Nick Barnett Helps London Fletcher Catch His Breath
One veteran inside linebacker replaced another in the loss to the Lions on Sunday with the goal of helping both players be more productive on the field throughout the season.
BY ZAC BOYER
ASHBURN – One of the pitches the Redskins made to Nick Barnett before he signed with the team early in training camp appealed to his competitive instincts.
With a 15-year veteran entrenched at one inside linebacker position, and the other occupied by a player who has only gotten better over the last three seasons, Barnett wasn’t likely to be able to keep alive his streak of starting every game he’s ever played.
What he could do, however, was play a utility role on defense: A few snaps a game, depending on the situation, meant to give the inside linebackers a break.
Between the likelihood of playing time, and the familiarity within a similar defensive scheme, Barnett accepted the Redskins’ offer. And steadily, though incrementally, he’s getting on the field.
“Granted, you would like to get a little bit more [playing time] to have more of the rhythm, and be able to prepare for every type of drive and every type of series in practice,” Barnett said Thursday. “The biggest thing for me is to stay loose and be ready to go in and be comfortable and play.”
Barnett hasn’t played any significant snaps in the Redskins’ first three weeks of the season; he took just eight in the loss to the Lions on Sunday. It was a step up from the opener against the Eagles, when he did not play, and from his return home to Green Bay last week, where he played only on special teams in a loss to the Packers.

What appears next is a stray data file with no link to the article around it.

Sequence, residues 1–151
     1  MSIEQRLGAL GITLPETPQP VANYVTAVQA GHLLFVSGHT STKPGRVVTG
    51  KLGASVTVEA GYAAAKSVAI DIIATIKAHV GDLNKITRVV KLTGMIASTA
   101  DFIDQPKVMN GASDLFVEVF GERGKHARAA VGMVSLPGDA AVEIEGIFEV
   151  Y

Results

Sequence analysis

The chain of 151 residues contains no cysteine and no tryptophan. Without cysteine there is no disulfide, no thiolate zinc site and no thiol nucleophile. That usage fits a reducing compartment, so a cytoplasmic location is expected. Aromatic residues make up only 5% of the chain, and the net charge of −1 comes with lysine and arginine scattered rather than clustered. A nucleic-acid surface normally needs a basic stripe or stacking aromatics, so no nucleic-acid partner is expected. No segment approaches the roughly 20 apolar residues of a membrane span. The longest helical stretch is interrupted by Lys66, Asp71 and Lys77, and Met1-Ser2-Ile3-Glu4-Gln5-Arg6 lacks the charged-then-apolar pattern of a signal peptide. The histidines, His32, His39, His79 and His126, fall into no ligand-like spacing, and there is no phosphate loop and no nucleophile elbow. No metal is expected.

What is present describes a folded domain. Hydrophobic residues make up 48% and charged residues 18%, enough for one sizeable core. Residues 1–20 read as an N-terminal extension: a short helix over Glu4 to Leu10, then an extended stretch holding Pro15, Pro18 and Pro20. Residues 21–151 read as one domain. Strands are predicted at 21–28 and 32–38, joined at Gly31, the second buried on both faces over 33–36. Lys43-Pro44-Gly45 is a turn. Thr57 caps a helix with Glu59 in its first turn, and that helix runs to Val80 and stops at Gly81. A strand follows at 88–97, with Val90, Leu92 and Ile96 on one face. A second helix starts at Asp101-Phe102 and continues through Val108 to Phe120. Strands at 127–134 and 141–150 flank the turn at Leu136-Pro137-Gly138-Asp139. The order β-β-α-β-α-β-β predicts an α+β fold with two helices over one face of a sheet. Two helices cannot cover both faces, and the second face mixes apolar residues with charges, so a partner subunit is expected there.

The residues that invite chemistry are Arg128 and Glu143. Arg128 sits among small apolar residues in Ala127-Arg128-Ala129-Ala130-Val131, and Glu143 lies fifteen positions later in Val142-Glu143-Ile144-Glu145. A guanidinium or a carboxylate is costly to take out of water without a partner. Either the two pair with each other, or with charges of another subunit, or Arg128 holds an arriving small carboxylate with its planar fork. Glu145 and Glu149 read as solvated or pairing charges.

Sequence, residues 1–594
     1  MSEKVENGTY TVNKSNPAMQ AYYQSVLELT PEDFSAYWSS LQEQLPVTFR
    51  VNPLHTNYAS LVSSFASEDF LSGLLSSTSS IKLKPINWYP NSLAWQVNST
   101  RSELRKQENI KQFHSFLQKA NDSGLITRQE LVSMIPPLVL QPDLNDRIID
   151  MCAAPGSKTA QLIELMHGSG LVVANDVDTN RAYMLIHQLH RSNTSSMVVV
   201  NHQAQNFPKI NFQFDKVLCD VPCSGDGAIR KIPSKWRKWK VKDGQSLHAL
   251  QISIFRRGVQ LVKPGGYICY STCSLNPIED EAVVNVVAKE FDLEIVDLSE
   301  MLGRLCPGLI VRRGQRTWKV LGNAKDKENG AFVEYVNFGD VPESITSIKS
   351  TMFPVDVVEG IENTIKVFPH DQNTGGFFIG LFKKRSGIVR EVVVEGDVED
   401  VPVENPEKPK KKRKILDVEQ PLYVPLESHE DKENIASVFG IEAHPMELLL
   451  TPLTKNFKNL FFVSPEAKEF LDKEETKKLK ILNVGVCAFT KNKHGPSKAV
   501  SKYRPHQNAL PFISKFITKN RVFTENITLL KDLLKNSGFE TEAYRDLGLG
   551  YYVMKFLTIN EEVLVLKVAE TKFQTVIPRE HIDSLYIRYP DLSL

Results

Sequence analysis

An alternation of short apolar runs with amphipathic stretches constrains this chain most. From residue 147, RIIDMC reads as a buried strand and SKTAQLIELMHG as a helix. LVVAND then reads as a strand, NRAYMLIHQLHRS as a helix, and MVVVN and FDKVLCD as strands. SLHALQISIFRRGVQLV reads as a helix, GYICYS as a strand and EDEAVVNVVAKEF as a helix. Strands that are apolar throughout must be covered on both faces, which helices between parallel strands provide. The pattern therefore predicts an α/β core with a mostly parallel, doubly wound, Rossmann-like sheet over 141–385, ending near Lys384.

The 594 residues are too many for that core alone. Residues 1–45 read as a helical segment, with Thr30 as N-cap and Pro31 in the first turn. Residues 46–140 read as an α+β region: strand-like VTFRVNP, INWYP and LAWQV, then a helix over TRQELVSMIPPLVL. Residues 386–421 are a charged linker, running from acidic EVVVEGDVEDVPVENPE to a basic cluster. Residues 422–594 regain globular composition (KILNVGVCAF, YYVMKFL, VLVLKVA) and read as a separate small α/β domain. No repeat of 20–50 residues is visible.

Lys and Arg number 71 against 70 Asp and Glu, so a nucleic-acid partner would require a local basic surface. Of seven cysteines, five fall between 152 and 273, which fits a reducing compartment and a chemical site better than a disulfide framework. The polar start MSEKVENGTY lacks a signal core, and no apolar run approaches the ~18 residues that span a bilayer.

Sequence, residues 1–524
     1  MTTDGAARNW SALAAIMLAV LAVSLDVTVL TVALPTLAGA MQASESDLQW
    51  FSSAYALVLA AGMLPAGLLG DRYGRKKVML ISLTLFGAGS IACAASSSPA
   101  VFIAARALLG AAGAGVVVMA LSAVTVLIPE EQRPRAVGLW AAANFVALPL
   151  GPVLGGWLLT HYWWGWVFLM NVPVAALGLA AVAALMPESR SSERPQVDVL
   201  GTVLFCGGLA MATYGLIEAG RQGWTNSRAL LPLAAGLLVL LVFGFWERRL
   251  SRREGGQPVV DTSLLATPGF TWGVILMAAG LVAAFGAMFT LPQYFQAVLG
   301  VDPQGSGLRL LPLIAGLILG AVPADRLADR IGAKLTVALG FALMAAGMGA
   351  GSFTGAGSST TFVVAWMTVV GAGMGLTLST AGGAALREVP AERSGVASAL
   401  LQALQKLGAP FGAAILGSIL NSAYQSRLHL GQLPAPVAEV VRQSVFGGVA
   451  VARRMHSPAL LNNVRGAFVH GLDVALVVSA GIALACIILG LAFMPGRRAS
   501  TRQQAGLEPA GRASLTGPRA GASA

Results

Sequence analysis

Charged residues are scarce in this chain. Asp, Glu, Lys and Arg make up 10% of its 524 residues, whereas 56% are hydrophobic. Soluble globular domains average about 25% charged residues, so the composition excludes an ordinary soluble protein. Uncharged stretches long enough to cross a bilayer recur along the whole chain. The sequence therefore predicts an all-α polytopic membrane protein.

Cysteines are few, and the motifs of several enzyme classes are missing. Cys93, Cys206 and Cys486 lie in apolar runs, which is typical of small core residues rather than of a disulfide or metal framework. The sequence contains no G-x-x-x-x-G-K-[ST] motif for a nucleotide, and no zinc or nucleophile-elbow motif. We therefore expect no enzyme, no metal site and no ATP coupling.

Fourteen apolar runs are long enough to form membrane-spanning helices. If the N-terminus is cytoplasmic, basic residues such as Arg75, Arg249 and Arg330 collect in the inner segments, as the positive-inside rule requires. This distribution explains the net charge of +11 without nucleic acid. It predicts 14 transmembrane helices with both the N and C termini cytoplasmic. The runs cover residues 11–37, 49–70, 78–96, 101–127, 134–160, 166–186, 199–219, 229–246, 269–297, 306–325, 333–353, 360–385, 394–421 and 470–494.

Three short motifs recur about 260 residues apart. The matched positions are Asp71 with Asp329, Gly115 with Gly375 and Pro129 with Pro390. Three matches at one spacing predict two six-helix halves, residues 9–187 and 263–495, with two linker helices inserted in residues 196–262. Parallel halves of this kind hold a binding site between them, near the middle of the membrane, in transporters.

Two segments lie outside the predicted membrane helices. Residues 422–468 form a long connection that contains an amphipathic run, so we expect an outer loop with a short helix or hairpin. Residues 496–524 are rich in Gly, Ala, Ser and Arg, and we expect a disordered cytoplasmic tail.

It’s also not a changing of the guard from 38-year-old London Fletcher, who is entering his seventh season with the Redskins; Barnett, 32, is entering his 11th season after eight with the Packers and the last two with the Bills.
It does represent a moderate change in philosophy, though: Fletcher, who has only missed snaps over the last two seasons because of injury, has willingly conceded time to Barnett.
“If he can’t go 100 miles an hour and he’s tired or whatever, then he’s got to come out – or he should come out,” defensive coordinator Jim Haslett said.
Barnett entered Sunday’s game for the first four plays of the Lions’ third series, then returned for four plays during the second series of the second half and made two tackles.
Fletcher, who made only two tackles against the Packers, began the game Sunday by sacking Matthew Stafford for a seven-yard loss and finished with eight tackles. Only fellow inside linebacker Perry Riley who had 10 tackles, had more.
“He said it helped him a lot,” Riley said. “He kept his legs fresh. It helped him get a breather and come back the next series. You know, he said it helped him a lot. They’ll probably do something like that again this week.”
In the final year of his contract, Fletcher has started to break down because of injury the past two seasons. He was bothered by a high left ankle sprain for much of last year and underwent surgery to correct that, and a nagging elbow injury, during the offseason.
Taking eight plays a game off won’t give Fletcher more than a few minutes to catch his breath, but it can add up over the course of a season.
“I think he noticed a difference,” Barnett said. “I think he felt pressure when he got in and was ready to go. I think he felt fresher and was running around a lot more. That, you know – I don’t know if it’s a direct correlation to him getting those reps off, but I think it helped.”
➤ A version of this story appears in Friday’s edition of The Free Lance-Star.